Street vendors would have to set up shop five feet away from driveways, bus benches, and outdoor dining areas and would be banned from conducting business near certain popular venues, under proposed regulations approved Wednesday by two city council committees.
The campaign to regulate street vending has been a long debated issue in Los Angeles. The City Council decriminalized vendors selling hotdogs, ice cream, and knick-knacks earlier this year in response to increased federal immigration enforcement. Lawmakers lowered the act from a criminal charge down to a fine, so that immigrant vendors would not face potential deportation.
Regulations approved Wednesday still need to go before the full council, but the city has yet to create a permitting process, a way to collect taxes, or establish punishment for sellers who skirt the rules.
The Los Angeles Times reports that the new draft rules would limit two carts to one block per each side of the street and that mobile vendors could sell food in residential areas so long as each sale does not last more than seven minutes.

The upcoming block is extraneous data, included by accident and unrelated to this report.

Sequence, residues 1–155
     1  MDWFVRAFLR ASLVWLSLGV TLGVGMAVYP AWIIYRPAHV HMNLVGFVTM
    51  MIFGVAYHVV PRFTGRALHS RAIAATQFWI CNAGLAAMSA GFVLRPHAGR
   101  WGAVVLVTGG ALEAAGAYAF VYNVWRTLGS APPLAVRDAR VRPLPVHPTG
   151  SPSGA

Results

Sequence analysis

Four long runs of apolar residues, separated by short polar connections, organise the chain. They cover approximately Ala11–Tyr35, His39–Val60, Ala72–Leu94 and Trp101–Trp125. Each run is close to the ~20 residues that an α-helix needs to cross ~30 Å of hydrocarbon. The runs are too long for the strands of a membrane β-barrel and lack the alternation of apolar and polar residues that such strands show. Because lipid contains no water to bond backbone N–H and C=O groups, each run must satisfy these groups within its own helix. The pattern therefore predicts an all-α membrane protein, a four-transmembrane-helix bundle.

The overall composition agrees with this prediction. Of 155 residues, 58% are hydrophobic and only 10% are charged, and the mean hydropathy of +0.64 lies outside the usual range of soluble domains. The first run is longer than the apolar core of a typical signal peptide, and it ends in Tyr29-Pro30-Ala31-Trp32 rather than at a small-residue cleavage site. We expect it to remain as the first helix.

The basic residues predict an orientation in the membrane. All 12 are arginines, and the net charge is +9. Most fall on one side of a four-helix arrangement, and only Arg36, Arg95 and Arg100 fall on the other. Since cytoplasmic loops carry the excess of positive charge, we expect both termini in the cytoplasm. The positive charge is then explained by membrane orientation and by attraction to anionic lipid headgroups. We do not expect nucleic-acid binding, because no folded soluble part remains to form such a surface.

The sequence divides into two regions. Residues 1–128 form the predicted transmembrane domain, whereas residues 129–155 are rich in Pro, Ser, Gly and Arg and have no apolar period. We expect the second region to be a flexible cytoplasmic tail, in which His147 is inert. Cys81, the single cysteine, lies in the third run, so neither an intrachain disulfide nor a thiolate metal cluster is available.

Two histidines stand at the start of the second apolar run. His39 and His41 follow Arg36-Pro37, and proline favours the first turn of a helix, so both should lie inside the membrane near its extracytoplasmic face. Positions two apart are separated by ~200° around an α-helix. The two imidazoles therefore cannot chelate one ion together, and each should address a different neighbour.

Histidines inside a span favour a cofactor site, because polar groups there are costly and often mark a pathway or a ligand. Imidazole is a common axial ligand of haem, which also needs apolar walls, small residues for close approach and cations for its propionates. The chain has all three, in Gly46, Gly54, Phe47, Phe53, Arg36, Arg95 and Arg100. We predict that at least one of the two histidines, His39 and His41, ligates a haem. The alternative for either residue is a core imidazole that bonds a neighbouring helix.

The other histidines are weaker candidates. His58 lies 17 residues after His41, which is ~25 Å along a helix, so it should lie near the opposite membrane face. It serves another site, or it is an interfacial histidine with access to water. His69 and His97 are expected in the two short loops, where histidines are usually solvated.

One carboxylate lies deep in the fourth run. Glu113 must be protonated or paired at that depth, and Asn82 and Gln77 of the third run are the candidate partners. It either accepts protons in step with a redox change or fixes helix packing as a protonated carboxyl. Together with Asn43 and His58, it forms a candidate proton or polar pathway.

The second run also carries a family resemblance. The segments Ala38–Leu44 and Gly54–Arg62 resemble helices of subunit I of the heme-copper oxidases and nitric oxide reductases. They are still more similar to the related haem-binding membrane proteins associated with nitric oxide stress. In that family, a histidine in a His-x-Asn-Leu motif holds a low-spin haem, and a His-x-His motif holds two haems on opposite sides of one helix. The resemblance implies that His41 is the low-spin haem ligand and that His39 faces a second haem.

Other restrictions would require vendors to be a certain distance away from historical monuments, murals, sculptures, anywhere that blocks a window display or puts people in danger, and more. Street sales would also be banned from popular venues and tourist attractions, including Staples Center, Dodger Stadium, the Coliseum, the Hollywood Bowl and Hollywood Boulevard.
The draft rules are opposed by the L.A. Street Vendor Campaign, which claims they are excessively strict.